When one hears “fountain pen,” we usually picture images of noblemen writing down profound thoughts with a flourish on thick, heavy paper. In Germany, though, fountain pens are not only everyday essentials—they’re required school tools for every elementary student.
“Our German teaching system is focused on the idea that writing with a fountain pen helps train your motor skills,” says Alexander Batsch, whose family founded Online, a popular pen and stationery brand in Germany. He is currently Online’s business development manager.
“When you are 10 or 12 years old, using a fountain pen helps you practice, developing fine motor skills. People stick to the fountain pen because they don’t want to lose these skills,”
Online is the latest brand to be brought in by National Book Store. Though the name sounds modern, Online was established in 1991 and will be celebrating its 25th anniversary next year.
“The Internet was not yet common when we launched. The basic idea was that you were writing ‘on the line.’ We didn’t expect the meaning to change that much, but now it’s become a very international name, which benefits us,” says Batsch.
The brand is known for their stylish and seasonal designs. Batsch’s mother, Alexandra, heads the in-house design team. The pens’ designs change every season, and they also run design competitions on their website.
When it comes to choosing a fountain pen, Batsch advises choosing one that catches your eye. “Choose a fountain pen that you personally find attractive because then you’ll want to use it often.”
On the practical side, he recommends one with a nice grip. Online recently developed a fountain pen with a triangular body. “It’s ergonomic and light—light pens make for easier writing and your hand won’t get tired after a long time of practicing.”
The pen design he is referring to is Online’s “Air series,” our personal favorite. The Air fountain pens are brightly colored triangular barrels with a clear window in the middle. This lets you insert blue ink cartridges whose bodies come in contrasting colors so even the ink cartridge serves as a color accent. We chose the neon lime Air fountain pen with contrasting purple and turquoise colored cartridges inside.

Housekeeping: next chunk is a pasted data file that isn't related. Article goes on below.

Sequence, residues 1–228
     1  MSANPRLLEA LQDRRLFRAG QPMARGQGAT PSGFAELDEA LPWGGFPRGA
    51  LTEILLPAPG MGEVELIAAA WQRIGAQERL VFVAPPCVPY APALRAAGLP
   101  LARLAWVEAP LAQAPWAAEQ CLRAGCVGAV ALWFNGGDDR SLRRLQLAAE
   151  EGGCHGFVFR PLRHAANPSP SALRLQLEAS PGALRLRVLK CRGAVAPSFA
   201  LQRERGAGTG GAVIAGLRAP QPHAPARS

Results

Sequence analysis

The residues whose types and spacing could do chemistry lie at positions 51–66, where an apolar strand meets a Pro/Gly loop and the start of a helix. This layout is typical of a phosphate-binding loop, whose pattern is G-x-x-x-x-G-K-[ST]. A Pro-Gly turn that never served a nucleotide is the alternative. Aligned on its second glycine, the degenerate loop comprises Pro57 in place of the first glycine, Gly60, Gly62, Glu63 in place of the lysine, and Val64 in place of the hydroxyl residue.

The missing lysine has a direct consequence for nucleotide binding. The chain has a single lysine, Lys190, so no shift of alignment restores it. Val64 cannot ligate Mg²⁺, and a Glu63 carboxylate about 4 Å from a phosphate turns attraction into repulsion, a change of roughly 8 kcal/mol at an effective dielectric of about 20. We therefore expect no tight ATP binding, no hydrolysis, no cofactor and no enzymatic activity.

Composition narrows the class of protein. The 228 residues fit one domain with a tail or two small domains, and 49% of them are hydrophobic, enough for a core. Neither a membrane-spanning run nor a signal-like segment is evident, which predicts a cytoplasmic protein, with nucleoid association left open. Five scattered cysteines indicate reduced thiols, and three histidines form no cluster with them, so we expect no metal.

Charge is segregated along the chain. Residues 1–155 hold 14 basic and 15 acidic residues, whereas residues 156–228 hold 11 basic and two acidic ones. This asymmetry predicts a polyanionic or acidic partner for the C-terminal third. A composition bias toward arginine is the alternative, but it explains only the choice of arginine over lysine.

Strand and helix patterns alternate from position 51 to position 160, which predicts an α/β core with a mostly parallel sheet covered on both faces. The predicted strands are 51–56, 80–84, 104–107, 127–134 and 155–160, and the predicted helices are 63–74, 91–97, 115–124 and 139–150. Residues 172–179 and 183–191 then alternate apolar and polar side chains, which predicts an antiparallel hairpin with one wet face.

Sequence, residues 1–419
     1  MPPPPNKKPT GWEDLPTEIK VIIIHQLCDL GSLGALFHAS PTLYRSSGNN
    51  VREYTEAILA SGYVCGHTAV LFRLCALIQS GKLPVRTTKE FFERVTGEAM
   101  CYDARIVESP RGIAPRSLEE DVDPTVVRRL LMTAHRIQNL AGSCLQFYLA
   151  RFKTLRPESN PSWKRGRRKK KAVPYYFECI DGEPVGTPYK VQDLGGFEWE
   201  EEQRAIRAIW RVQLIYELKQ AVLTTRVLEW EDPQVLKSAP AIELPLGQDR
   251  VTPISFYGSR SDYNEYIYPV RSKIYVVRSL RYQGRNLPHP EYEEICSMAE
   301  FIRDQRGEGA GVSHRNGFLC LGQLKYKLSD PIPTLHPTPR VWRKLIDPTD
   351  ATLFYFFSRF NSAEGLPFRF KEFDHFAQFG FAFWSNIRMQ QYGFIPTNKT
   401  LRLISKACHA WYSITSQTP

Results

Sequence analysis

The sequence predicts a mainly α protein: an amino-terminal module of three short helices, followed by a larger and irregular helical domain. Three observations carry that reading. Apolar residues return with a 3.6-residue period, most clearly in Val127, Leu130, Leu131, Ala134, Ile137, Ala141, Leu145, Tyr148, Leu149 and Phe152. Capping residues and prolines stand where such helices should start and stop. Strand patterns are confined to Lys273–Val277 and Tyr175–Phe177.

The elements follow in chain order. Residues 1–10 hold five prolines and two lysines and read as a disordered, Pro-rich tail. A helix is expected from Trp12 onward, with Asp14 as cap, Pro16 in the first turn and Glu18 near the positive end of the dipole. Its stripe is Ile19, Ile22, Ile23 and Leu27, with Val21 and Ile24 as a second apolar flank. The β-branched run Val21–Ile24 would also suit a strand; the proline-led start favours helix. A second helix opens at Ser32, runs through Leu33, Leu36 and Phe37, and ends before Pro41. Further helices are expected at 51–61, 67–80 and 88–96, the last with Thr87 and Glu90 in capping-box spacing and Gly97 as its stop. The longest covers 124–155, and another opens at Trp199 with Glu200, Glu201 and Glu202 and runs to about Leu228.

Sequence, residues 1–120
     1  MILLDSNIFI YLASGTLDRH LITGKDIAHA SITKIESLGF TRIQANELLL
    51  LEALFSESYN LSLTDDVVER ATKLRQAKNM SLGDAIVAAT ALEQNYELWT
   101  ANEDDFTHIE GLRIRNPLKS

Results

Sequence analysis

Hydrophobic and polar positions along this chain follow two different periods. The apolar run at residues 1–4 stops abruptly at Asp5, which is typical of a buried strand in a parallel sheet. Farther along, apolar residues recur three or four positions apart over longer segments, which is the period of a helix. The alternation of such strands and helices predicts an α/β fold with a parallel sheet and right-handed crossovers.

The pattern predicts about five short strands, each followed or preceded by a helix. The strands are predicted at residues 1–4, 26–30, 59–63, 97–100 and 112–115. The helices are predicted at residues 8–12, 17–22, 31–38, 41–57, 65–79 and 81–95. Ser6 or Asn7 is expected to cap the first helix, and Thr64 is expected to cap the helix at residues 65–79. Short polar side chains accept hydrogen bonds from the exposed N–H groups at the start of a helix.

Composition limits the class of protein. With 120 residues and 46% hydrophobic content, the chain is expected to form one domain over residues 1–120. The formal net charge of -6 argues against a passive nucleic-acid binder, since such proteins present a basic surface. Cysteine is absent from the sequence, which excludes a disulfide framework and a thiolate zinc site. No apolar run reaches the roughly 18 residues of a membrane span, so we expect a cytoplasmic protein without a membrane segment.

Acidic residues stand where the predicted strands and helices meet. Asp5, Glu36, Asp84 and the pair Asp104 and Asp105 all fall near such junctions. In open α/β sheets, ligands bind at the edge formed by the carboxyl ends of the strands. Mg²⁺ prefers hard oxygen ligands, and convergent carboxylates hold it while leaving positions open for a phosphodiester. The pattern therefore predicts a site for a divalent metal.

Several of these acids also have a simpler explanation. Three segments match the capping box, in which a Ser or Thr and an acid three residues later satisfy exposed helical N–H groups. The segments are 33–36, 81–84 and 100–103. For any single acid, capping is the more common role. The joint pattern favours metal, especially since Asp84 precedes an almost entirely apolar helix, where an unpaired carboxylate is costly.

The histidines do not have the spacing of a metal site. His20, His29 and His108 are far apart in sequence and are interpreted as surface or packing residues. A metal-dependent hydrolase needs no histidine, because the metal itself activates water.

Perhaps as a nod to their high-tech name, there are also dual-purpose pens with a capacitive stylus tip at the end, which you can use on your smartphone. Some pens also come with an earphone jack plug so you can be sure that wherever you go with your smartphone, you also have a pen with you.
Here in the Philippines, most fountain pens immediately fall in the premium range, with some costing as much as P15,000. Because Online also caters to the young, you can consider their affordable collegiate line (each priced under P1,000) as your gateway into the addictive world of collecting fountain pens. Their premium and young lines all have high-quality nibs, which are the heart of any fountain pen. They have a wide variety of nibs, all of which are handcrafted.
Choose your nib
For beginners, Batsch recommends starting off with an “M” (medium) nib. “It’s very flexible; you can use it to write letters or even Chinese characters. When you’ve developed your skills, you can move on to the broad calligraphy nibs, starting with an 0.8 mm nib and finally, to the 1.8 mm.” Just like weaponry, wielding a broad nib requires skill, precision and a deft hand.
Lefties are also welcome. Most fountain pens are cut for right-handed people. Online has special pens for southpaws that allows them to push the nib over the paper normally.
For those who don’t like scratching off mistakes on paper, Online’s blue inks are all erasable, thanks to the magic of chemistry.
“You can buy our ink eraser, which lets you remove and overwrite mistakes made with our blue inks—all our blue inks are erasable,” says Batsch.
The ink eraser covers the paper with a special liquid that removes the blue color from the paper. The eraser, which comes in pen form, has a felt tip blue marker at the end. “When you cover the paper with the liquid eraser, you won’t be able to write over that part with the fountain pen because the liquid is still there,” explains Batsch. “The felt tip lets you write over that part,” he adds. (Watch the video of the ink eraser in action on the online version of this story at inq.ph/inquirersuper.)
Online pens are available at select National Book Store branches (Alabang Town Center, Greenlanes Arcade Greenhills, SM Megamall, Shangri-La Plaza Mall, Trinoma, Glorietta 1, Greenbelt). The Candyworld collection featuring macaron-themed pens and stationery is available at Powerbooks Alabang Town Center, Greenbelt, SM Megamall and Trinoma.
Follow @nbsalert on Instagram/Twitter for updates. Like them on Facebook: bit.ly/nationalbookstore. Share your Online finds using the hashtag #LoveOnlinePens and #NBSfinds.
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